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my wife makes soaps,really awesome soothing& refreshing  bathtub additives , I get to make the candles, best thing to use is real bees wax, you don't even have to add any fragrance to them if you wish, the pure bees wax has a scent to it plus it sure goes alot further , especially burn time .You can also make emergency heat with that, using clothesline rope as your wick , making them  in a large coffee can, throws alot of heat and long burning, use for cooking over even.

The Back to Basics Book, volume 2 , green hardcover copy, do not get the paperback copy, it leaves alot out .

 It has recipes for pretty much everything you need to survive .


Twana I bet that soap does smell and work really well , I do like the aroma for any of the listed above , it does hang around for awhile.

thanks for posting this (along w/ the pix)...  


i see u mentioned using a stainless steel pot...   GOOD!  and, i'd like to emphasize to those interested in attempting this, DO NOT USE aluminum!!!!!   the head of my canning group (pensacola) makes his own soap, and he gave a demo one day, and w/o thinking used an aluminum pot...    [mt. vesuvius!   fortunately, we have our canning events outside, so the cleanup was minimal.]


i might try to do this at some point, just becuz it may become vitally important...   but, i cheated b4 i moved down here, and bought up a HUGE amount of loaves of homemade soap (off ebay); and i continually buy 6 & 8 packs of dial at walmart (so, i'm pretty well stocked)...

Good idea, thanks. I have been stocking up on Octogon & Fells Naptha for awhile, the longer they sit the harder they become and don't sluff off as fast as regular soaps. Also store your soap in rodent proof containers as they love to naw on the soap for fat content. The two brands mentioned will be pretty much all purpose soap as it can be grated for laundry/dishes. Another item to look for is DR. Brohnner's Castile Cocoanut soap, liquid and is a true all purpose soap, wash, shave, teeth cleaner, laundry, clothing; comes in many flavors, biodegradable. Check sporting goods/camping catalogs for on-line specials.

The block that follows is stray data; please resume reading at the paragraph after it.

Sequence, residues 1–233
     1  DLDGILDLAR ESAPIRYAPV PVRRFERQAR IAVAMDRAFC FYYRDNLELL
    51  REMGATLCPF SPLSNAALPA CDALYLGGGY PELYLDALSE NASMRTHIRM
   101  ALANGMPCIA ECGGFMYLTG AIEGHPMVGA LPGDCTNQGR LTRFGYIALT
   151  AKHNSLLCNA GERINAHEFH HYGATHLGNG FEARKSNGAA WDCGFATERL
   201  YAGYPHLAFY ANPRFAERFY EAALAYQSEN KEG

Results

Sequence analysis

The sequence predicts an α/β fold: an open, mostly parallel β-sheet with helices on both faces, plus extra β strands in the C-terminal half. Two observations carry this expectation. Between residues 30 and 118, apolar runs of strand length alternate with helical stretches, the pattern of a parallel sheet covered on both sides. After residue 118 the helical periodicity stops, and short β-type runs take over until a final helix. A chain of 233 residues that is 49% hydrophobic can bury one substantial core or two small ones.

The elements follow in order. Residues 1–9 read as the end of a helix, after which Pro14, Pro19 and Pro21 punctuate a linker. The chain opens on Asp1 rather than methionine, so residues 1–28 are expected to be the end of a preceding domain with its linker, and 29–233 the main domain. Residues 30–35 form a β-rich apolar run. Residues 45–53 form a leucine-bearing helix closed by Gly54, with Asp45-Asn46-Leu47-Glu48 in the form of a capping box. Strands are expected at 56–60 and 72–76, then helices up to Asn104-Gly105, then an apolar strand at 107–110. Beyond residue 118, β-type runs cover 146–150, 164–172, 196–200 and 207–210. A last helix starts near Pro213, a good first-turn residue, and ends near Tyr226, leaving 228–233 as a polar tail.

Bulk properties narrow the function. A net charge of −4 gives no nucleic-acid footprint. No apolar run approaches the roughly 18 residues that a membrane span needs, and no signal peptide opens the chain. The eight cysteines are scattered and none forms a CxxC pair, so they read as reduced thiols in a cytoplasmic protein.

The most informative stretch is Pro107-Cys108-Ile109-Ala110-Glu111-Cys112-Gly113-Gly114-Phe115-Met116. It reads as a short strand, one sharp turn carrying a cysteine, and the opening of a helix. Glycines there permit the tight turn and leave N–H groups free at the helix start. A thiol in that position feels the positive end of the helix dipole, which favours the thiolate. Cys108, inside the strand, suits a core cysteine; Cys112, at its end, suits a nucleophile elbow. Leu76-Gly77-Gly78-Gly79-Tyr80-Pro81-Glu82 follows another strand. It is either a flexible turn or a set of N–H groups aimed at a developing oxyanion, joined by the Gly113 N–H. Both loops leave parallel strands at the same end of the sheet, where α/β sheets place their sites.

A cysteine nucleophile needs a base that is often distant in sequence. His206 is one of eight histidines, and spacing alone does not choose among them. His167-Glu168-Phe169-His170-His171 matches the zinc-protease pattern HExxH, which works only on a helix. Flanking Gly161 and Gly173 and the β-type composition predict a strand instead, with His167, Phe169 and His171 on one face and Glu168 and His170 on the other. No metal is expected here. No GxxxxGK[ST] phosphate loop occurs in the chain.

Thanks for this excellent post, Twana.  I can't wait to try my first batch!

Go to google books and do a search for housekeeping.  It's best if you go to advanced search and click on books and full view only.  Lots of information.  Written by folks who lived the way we are going to be forced to live.  Also, do a google search on oven canning.  Excellent way to store dry goods such as flour, crackers, cereal, etc.

Even though I am using the Cold Process.....

Having read thru this person's recipe and instructions, I find an error that can be harmful to a person using this soap immediately after unmolding it.

Since she is indeed using the Cold Process, that soap, after taken out of the mold approximately 24 hrs later (log/loaf mold soap will then need to be cut into bars), HAS to sit and finish saponifying (cooking) for 4-6 WEEKS (depending on oils used). ONLY then the soap can be used. Used before that, the soap can and will burn skin.

I have been making and commercially selling my wonderful goat milk soaps for close to 15 yrs. While I do CP method upon occasion, I cook my soap in the oven, take out, add fragrance if a customer wants it, mold overnight. Next day I unmold, cut bars and because it has been forced thru the saponification stages, is NOW ready to use. :-D  I HATE cooking :-P but love experimenting with different oils, superfat %, fragrances, etc when making soaps.


PS...I use my soaps for washing my hair and the shavings (from making them neat looking) wash my clothes. Haven't bought laundry soap or shampoo for close to 12+ yrs. Any soaps that don't turn out, and yes, you will have failures that you don't want people to see ;-) ....can be used as laundry soap or give to grandkids!